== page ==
Viewpoint: When not to use antibiotics
Dr. Carolyn McClain is medical director of The Urgency Room, a group of outpatient emergency facilities with locations in Woodbury, Eagan and Vadnais Heights, Minn.
"I'm just going to go to the doctor and get antibiotics ... this cold is so annoying and I'm going on vacation next week."
"I'm sure it's an ear infection that's keeping my baby up at night. The doctor will prescribe antibiotics to take care of it."
Seems like antibiotics are a first line of defense for sickness. That's a problem.
A new study from JAMA Internal Medicine addresses the issue of antibiotic overuse or misuse and the resulting problems. For example, a United Kingdom report has forecast antibiotic-resistant bacteria could result in 10 million deaths each year by 2050 — more than the number of people killed by cancer — at a cost of $100 trillion to the global economy.
In our country about 47 million antibiotic prescriptions dispensed every year and may not be needed, according to a 2016 study by the Centers for Disease Control and Prevention and the Pew Charitable Trust.
What's worse is that a single prescription for antibiotics that isn't needed can have side effects.
There are many misconceptions about antibiotics and it is important for patients to understand the following:
• Antibiotics are necessary for bacterial infections ONLY. That includes infections like strep throat, a bladder infection, pneumonia, etc. Antibiotics are NOT necessary for viral infections which include colds, coughs, the flu or bronchitis and a whole host of other illnesses. Antibiotics will not help a viral infection.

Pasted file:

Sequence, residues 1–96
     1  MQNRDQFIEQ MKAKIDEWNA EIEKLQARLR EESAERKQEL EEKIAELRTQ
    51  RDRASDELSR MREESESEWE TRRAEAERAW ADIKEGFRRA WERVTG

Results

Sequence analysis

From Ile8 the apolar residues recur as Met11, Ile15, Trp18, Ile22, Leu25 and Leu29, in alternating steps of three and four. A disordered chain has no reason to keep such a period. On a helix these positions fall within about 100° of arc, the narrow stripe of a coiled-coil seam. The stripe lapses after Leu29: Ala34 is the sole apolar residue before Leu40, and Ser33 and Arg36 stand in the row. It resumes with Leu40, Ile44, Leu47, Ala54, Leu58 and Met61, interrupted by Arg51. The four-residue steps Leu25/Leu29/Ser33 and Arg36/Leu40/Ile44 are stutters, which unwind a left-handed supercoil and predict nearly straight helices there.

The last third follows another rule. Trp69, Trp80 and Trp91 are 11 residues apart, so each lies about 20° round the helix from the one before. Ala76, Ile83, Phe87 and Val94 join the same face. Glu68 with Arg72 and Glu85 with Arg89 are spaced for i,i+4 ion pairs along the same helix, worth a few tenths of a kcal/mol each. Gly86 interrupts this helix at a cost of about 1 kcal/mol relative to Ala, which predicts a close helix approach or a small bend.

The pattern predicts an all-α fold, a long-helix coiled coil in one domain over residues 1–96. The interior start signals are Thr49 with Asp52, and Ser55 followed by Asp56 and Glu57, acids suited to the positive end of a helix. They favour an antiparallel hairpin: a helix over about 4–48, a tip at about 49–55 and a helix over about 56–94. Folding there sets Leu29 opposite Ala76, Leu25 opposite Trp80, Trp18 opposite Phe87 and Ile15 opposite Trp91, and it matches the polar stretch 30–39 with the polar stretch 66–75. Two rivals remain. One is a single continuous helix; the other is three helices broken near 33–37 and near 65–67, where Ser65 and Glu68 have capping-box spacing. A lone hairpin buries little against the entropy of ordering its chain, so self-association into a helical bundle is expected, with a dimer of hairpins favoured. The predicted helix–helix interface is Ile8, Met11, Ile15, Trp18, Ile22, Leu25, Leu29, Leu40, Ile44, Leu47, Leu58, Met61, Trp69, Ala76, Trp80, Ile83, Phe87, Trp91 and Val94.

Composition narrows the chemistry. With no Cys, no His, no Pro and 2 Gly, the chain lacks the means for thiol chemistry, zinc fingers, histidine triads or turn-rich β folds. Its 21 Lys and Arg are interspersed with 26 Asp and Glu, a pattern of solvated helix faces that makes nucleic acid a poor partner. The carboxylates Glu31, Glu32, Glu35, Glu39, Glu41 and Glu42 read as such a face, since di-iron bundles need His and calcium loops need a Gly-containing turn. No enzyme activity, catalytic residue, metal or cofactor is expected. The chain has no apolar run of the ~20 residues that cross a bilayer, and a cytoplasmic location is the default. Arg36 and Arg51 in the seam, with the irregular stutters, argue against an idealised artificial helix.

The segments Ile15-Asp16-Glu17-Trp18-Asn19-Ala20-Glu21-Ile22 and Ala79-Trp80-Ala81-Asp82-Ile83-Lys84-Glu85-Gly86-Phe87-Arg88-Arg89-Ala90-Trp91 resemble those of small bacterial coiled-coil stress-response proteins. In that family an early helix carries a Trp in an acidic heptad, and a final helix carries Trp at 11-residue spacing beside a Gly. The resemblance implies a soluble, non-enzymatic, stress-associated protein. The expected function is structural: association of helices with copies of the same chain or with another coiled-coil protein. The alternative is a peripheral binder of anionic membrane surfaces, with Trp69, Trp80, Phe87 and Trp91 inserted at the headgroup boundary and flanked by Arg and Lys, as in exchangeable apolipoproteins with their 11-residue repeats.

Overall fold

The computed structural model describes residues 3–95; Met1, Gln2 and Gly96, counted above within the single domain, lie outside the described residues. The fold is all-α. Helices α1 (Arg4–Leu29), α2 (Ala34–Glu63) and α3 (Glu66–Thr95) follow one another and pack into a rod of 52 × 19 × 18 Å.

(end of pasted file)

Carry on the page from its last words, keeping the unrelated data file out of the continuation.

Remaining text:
• Patients should not take antibiotics when they are not necessary. Antibiotics wipe out all the good bacteria in your gut that help you digest food. It can take up a year to rebuild these important bacteria and this can lead to weight gain and problems with our immune systems.
• In terms of timelines, a cold or virus can last 10-14 days and if no fever or additional symptoms are present, you need to wait it out. If you are unsure, a doctor can tell you whether your sickness is bacterial and if not, can offer suggestions to help ease your symptoms. In many cases, time, rest and fluids are your best defense against a virus.
• Antibiotic resistance is a real problem. For a while, the introduction of new antibiotics outpaced the development of antibiotic resistance but recently the pace of medication resistance has contributed to an increasing number of health care issues. Approximately 2 million infections from antibiotic-resistant bacteria occur in the United States each year, resulting in 23,000 deaths. Other consequences of medication-resistant infections include more-serious illness, longer recovery, more-frequent or longer hospitalization, more doctor visits and more expensive treatments.